Wednesday, 23 May 2012

Dux Bellorum: Choosing an army

I know that some people are planning out new purchases or peeping into their boxes of miniatures to work out which armies they can put together for Dux Bellorum. Choosing which army you’re going to field, and working out what to include is a good (if slightly expensive) game to play in itself!

I’m not going to bog down in history lessons here, far be it from me to try to lecture Arthurian gamers in ‘how’ the period should be played. I'll point you in the direction of a few other rules writers if you really want that. Instead, I thought I’d run through the choices of army and outline why they might appeal to you, or give you enough info to decide which ones to cross off your list. Perhaps even more likely, most gamers will already know which army they want to collect, so this should give you a few pointers as to how they’ll play in Dux Bellorum.

First up, there’s no killer armies in Dux Bellorum, no armies that will guarantee you success. As most armies choose from the same troop types, and as Leadership Points (LPs) are a great leveller of the differences between units (if used correctly), I can't guarantee that army X will always beat army Y. Same goes for the size of army you choose; playing the game over the past couple of years has shown me that I am equally likely to win or lose (okay, let’s agree on ‘lose’) with a small elite army as I am with a larger, ordinary army. Victory depends on how you play on the day, and how you use your LPs.

Understanding the basics of what different troop types will achieve for you is important when choosing which army you’re going for; check this out for a few pointers about what the different troop types are good at: Troop Types. With that in mind, let’s look at the available armies:

Late Romans
The Late Romans will attract players who like heavy cavalry, as they are able to field the game’s one and only cataphract unit. Aside from that, there’s a decent mix of Riders and Shieldwall. The Late Romans have a little bit of everything (except for Warriors), and as such are easier to play once you’ve worked out the best way to use the different troop types. I’d say that a Late Roman army is quite hard to beat, but tends to grind out victories rather than winning you a fast and furious battle. History being what it is, Late Roman armies are limited to the earlier era of the game.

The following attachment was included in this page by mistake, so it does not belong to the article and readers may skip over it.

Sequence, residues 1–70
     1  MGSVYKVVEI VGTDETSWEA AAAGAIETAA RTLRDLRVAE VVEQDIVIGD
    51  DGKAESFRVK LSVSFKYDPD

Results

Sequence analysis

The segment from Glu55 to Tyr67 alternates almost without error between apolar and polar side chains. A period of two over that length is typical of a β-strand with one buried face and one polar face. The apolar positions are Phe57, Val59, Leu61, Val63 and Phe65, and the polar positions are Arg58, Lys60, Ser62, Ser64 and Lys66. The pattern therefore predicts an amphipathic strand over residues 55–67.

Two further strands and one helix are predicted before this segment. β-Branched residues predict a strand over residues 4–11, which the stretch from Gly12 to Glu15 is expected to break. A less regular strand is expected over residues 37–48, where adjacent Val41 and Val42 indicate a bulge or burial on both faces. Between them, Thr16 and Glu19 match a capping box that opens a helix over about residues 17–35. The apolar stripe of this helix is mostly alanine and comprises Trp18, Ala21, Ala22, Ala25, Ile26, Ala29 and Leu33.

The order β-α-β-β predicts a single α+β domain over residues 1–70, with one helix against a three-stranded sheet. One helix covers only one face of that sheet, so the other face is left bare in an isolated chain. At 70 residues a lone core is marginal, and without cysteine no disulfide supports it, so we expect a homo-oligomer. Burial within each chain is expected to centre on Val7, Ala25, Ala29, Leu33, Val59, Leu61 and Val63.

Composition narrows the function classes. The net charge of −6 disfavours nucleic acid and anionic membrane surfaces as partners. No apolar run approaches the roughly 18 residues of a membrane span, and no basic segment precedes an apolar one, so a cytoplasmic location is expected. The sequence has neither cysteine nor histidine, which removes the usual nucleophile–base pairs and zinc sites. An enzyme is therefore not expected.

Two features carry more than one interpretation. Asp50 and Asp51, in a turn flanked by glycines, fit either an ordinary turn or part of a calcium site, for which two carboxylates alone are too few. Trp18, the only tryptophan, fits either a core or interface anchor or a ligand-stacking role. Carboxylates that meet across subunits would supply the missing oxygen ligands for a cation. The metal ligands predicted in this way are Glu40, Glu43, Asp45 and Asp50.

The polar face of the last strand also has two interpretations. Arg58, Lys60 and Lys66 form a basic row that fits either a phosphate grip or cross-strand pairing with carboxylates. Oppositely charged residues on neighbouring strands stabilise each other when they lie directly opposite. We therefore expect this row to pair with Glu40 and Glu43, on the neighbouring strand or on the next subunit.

Romano-British
The Romano-Britons can field a fully mounted army if you so desire, although that’s unlikely to win you many games. With their mixture of good Noble Riders and Ordinary Shieldwall, the Romano-British combine decent aggression with a solid base of foot. Like the Romans, you won't be able to field a Romano-British force in the game’s later era.

Welsh
The Welsh are one of the two armies I’d recommend to a beginner. This is because they have a respectable number of nobles, and a significant number of their units can be fielded as Riders, Warriors, or Shieldwall – meaning you have quite wide flexibility when choosing which units to recruit. Your foot units can be fielded as Warriors in one game and Shieldwall in the next, to give you a variety of playing styles for the cost of just one army. They can also be fielded in any of the three eras of the game, so maximise the number of opponents to battle against.

Saxons
Alongside the Welsh, the Saxons are the other army I’d recommend to a beginner. Everything I’ve written about the Welsh also applies to the Saxons, although they do have a smaller number of Riders. The flexibility between Warriors and Shieldwall, combined with their use in all three eras, makes them a nice, varied army to field.

Picts
The Picts can be a very simple or pretty complex army to field. At their simplest, you have a large army of predominantly Ordinary Warriors or Shieldwall, which should be straightforward to lead into battle. Mixing things up a bit, you can also field one of the trickier armies to play as or against in Dux Bellorum, by taking the maximum number of Skirmishers (both on foot and mounted). A skirmishing army is only likely to win once you’ve played enough games to figure out the best way to use them and LPs combined … and if you do manage that elusive win, it will be twice as rewarding.